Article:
Owner of a Copyright
New deal covers prog rock outfit’s first 12 studio LP — including hits like Fragile and 90125 — as well as live albums and compilations
The deal covers the rights to Yes’ first 12 studio albums, from their 1969 self-titled debut to 1987’s Big Generator. A smattering of live albums and compilations — from 1972’s Yessongs to 2019’s Yes 50 Live — are also included. No financial terms were disclosed.
Yes broke through in the early Seventies with hits like “Your Move” and “Roundabout,” which appeared on platinum-selling albums like The Yes Album and Fragile. A second, arguably bigger commercial peak came in 1983 with the release of their 11th album, 90125, which spawned major hits like “Owner of a Lonely Heart,” “Leave It,” and “It Can Happen.” Big Generator, the last studio album covered in the deal, also boasted a Number One hit on the rock charts, “Love Will Find a Way.”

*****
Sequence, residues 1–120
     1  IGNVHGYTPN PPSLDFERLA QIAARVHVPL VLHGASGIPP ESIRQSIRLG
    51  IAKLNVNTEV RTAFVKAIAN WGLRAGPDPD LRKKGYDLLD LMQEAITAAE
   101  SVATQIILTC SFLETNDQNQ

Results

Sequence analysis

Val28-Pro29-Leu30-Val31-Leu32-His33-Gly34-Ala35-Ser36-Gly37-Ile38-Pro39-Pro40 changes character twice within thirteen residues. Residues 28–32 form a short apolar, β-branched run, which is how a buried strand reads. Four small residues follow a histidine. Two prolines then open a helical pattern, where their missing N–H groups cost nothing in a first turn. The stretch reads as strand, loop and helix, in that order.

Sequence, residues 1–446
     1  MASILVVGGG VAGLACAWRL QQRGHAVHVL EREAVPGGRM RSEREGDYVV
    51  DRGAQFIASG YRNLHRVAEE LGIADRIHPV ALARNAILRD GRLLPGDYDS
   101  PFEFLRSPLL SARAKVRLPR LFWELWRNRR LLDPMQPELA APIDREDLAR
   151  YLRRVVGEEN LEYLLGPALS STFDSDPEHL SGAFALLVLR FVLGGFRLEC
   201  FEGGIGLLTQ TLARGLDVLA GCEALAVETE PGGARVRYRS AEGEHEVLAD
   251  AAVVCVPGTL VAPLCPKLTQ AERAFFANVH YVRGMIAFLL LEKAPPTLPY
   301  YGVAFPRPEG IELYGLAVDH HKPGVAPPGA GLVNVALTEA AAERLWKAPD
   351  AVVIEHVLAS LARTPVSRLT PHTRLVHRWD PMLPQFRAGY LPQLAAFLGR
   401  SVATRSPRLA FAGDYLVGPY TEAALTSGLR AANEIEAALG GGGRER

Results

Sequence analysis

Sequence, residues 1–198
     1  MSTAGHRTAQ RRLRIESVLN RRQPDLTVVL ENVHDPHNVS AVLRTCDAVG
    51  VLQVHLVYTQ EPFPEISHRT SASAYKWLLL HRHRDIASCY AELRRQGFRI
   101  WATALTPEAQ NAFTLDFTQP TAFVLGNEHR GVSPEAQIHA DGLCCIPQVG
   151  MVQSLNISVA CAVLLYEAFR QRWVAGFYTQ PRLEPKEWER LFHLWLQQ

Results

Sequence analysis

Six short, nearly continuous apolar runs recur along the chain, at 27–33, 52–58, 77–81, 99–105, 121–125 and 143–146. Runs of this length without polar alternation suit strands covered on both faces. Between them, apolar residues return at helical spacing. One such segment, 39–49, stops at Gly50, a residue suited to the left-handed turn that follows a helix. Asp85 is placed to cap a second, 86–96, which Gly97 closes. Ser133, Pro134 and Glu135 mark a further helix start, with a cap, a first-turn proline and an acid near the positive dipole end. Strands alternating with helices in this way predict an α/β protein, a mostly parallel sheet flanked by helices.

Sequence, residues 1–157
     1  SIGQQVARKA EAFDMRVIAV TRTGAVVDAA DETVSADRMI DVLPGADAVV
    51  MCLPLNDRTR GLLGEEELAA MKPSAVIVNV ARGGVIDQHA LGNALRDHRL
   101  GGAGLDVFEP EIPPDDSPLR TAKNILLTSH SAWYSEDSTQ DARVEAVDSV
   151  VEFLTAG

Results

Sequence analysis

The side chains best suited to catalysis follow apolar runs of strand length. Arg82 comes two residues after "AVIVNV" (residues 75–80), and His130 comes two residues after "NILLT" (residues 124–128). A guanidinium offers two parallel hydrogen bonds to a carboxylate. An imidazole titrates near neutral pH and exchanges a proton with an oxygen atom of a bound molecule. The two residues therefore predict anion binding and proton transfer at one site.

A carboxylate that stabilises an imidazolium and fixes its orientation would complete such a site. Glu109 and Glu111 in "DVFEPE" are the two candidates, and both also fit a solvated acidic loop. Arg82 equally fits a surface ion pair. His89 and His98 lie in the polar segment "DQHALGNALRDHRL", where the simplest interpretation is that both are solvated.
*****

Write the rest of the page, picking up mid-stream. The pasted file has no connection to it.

In a statement, Yes said of the new deal, “The entire Yes family came together and worked enthusiastically with Warner Music Group to secure this historic deal, ensuring that these iconic recordings will continue to be curated in the optimum manner to delight their fans across more than five decades, while also finding and developing new audiences for this timeless music.”
While so much of the music catalog acquisition boom over the last few years has centered around publishing rights, the new Yes deal is one of a growing number of sales centered around way more lucrative recorded music rights. Though publishing can yield solid revenues over time, especially from sync licenses, recorded music rights are more directly tied to things like streams, downloads, and album sales.